All of these words run thru my mind this morning as I write this post. They make me not want to write it, but I know I have to. This is one that won’t go away. One that is always with me. One that I can’t shake no matter what I do. One that keeps presenting itself in my life, even today. There’s no escaping it.
I hope it will spark a conversation among my friends. I am fortunate to have friends of all ages who can hopefully shed some light on this. I even have some Facebook “friends” who witnessed these events or were even on the giving side, so to speak. I hope you will all chime in. Maybe someone will have some answers or insight I haven’t thought of.
I guess some background is in order. I was always the brain when I was growing up and was far from the beauty. I was a very awkward, short, mousy girl – very much the ugly duckling. I had glasses, but wouldn’t wear them because people made fun.
As long as I can remember, people were making fun. Today there is a little bit more of a spotlight on bullying because of school shootings. Back then, it was just as prevalent – if not more so -, but not much was done about it.
I guess some amount of bullying and teasing is to be expected with growing up. That’s not the type of bullying I’m talking about. I’m talking about the type when an entire class or group joins together.
Let me give you some examples. These are far from all of them, but will give you an idea of what I’m talking about. I will limit myself to 4, although there are far more of them.
1. When I was about to enter the sixth grade, my parents decided we should move to a small town. We began school at a private school that only had one class for each grade. Before long, it started. I was the butt of pranks, called names, set up on false dates – you name it. I even remember a boy who said he really wanted to “date” me – whatever that is in 6th grade -, but he was embarrassed to be seen with me. He said he really liked me and would be my boyfriend in secret, but no one could know. He had another girlfriend that was his “public” girlfriend.
I went home from school everyday and went straight to my bedroom to cry. I was miserable. The teachers wouldn’t do anything. I remember one of them even telling me it was to be suspected with kids our age. They acted like it was no big deal.
When Mom and Dad decided enough was enough and moved us back home, the kids in my class had a celebration. By then, it was the entire class against me. They would come up to me and ask me if I was coming back next year. When I said “no”, they would jump up and down and yell “Yes!” and the whole class would scream and clap. The teacher just sat there silent.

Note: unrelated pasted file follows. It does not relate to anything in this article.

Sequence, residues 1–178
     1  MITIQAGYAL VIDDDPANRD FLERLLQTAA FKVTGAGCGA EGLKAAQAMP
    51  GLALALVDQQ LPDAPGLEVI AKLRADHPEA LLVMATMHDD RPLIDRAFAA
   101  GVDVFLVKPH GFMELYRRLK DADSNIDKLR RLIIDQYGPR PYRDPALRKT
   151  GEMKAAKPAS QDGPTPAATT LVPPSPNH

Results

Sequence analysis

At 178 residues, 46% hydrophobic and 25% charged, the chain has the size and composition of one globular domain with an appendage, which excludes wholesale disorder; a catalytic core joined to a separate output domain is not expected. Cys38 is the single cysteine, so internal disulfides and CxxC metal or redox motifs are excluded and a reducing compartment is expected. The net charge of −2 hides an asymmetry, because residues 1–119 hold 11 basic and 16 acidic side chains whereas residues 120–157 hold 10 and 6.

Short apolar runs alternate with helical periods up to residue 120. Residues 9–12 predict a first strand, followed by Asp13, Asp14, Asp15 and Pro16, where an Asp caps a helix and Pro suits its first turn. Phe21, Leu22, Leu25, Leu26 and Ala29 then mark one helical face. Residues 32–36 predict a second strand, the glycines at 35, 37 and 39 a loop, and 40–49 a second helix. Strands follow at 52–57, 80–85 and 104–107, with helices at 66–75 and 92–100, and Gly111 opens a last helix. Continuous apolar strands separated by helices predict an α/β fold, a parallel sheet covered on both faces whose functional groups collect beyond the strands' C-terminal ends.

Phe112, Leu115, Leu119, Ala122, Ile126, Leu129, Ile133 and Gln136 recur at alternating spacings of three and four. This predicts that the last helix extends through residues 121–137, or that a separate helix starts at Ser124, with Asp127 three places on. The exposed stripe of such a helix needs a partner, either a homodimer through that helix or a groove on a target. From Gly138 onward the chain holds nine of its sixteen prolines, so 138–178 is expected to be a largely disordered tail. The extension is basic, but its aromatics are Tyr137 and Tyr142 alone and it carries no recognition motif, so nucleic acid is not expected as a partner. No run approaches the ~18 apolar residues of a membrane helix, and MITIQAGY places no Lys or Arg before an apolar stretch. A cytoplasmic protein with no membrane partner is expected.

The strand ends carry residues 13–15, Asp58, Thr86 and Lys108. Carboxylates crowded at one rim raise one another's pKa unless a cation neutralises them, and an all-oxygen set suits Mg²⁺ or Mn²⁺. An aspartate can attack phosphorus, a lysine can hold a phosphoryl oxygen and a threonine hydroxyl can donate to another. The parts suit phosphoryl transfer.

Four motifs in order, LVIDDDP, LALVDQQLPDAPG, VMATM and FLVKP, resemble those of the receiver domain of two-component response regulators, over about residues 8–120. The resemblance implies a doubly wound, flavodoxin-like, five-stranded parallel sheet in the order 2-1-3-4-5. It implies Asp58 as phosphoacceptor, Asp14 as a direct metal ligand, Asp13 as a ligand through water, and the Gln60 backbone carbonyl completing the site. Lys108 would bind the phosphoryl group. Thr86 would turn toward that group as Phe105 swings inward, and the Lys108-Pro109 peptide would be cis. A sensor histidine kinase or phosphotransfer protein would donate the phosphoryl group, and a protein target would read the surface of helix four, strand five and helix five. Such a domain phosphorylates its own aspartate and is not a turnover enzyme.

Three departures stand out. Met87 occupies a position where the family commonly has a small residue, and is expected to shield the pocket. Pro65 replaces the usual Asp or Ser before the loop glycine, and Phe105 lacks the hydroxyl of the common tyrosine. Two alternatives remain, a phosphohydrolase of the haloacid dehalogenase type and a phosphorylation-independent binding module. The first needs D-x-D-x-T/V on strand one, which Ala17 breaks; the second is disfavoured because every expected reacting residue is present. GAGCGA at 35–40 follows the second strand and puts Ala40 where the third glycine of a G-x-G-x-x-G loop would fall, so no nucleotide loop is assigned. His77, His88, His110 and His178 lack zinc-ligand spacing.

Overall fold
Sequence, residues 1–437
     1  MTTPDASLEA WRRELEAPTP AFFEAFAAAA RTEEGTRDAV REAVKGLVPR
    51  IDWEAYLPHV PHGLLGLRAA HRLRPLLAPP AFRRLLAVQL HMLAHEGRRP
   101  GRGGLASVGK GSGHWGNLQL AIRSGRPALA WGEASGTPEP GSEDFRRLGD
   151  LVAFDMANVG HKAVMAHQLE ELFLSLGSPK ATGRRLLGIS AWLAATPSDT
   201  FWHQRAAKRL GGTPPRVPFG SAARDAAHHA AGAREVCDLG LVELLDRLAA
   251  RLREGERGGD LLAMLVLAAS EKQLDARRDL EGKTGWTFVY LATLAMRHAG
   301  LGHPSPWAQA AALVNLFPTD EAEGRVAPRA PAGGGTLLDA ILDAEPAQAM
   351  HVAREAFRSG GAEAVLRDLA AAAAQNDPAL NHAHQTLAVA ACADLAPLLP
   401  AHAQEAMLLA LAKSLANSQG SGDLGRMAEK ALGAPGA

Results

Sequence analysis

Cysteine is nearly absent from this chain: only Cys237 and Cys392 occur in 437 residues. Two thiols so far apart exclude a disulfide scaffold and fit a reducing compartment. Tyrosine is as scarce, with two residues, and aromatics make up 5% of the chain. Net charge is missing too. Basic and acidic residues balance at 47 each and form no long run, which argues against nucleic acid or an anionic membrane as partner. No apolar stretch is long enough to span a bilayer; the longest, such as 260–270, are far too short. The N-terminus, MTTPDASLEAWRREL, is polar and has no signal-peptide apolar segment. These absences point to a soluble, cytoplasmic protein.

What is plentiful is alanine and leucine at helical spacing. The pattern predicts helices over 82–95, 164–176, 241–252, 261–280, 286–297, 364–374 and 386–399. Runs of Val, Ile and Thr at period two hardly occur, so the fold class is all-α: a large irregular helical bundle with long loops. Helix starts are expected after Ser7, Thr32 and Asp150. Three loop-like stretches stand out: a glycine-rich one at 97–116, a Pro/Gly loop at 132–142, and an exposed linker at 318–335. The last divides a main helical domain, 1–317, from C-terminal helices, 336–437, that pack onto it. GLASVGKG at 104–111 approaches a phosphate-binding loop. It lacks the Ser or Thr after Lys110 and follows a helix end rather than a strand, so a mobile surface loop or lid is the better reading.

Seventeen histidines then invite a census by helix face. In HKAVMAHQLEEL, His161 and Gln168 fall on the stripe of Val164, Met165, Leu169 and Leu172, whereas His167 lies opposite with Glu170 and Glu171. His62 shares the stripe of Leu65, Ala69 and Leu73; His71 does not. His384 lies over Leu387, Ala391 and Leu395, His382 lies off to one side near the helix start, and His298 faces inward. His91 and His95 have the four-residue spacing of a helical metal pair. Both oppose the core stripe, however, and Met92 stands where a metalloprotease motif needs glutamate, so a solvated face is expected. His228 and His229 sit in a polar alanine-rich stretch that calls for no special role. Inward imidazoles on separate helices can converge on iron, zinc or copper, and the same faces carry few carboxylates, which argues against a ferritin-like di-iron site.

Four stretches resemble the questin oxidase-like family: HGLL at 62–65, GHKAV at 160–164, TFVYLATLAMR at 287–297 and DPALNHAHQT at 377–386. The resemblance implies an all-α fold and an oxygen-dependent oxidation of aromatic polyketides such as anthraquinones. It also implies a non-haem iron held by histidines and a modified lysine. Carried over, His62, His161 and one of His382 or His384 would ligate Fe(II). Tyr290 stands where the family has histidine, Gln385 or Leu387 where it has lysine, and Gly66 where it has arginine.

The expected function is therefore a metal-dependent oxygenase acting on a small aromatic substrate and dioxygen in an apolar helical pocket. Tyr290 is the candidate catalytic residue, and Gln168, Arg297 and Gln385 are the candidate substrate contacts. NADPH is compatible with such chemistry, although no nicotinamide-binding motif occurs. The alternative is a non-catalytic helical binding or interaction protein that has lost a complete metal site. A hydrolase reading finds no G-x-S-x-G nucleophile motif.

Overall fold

2. That summer I went to camp. My best friend from my old school was there and told all of the girls in the cabin (a good 30+ group) what had happened to me at my new school. At first they were sympathetic. Then it started again. I don’t want to go into everything that was done and said, but it resulted in me begging my parents to pick me up early from camp and the camp counselors and staff having to have a meeting with the entire cabin telling them to leave me alone.
3. After a year home in my old school, where everything had changed of course, the folks decided my brother and I should attend private school. What an adjustment it was! I went directly into honors algebra having never taken pre-algebra. I worked my behind off to get a C, when I had always received A’s in public school. However, some things didn’t change.
The bullying continued, although it did abate a bit. It was certainly more manageable than having the entire class in on it. However, the worst part was that two teachers got in on the act – two teachers in the arts. That’s right – the arts, my world. These were two people who, of all people, should have been encouraging me.
I’m not going to name names or even departments (and I ask that any of my friends who respond to this please don’t name names either), but one of these teachers liked to make fun of me in front of the whole class. I remember one time when this person made fun of how I did my hair, and everyone laughed. After that, everyone made fun of my hair.
The other teacher (again, in the arts) made me cry practically every day and told me I had no talent and I’d never amount to anything. Again, this was in front of EVERYONE, including a lot of parents, and nothing was done.
4. Most recently, I was bullied by an adult female who told me and others that because of my job in the theatre (which I founded and run by the way) that I should not be able to go out locally. I should only be able to drive an hour away where people don’t know me. I was also told by this person that because I am a busty person I should wear high necklines and turtlenecks at all times because it distracts men.
Since when do we, as women, become responsible for protecting men from their own thoughts?! But that is a whole other blog. It’s coming, believe me.
Having said all of these negative things, I do want to stress that I have had incredibly positive people in my life as well. We have a tendency to focus on the negative and indeed there are many choices for me on this subject, but I did have many positive teachers in my life. I even remember 2 fellow high school students who stood up for me. It took a lot of courage, but they did and I will never forget it.
My questions to anyone reading this…
1. Why? Sure, we can use the raging hormones excuse, but that certainly doesn’t apply to the teachers. What really makes people do this?
2. Is it too late for apologies? I certainly don’t think so. There’s one person I sure wish I could apologize to. It’s the only time I remember turning the tables and becoming the bully, and I feel absolutely horrible for doing that.
3. What can be done? Will anything work? I can tell you what won’t work – ignoring them and violence. I was brought up in the “ignore them and they will go away” theory, which I will NOT be teaching my kids. For those of you with kids, what are you teaching them?
4. Is there something that draws this back to you and makes it a continuing issue in one’s life? Why does it keep presenting itself in mine, even when I’ve changed and am no longer quiet about it?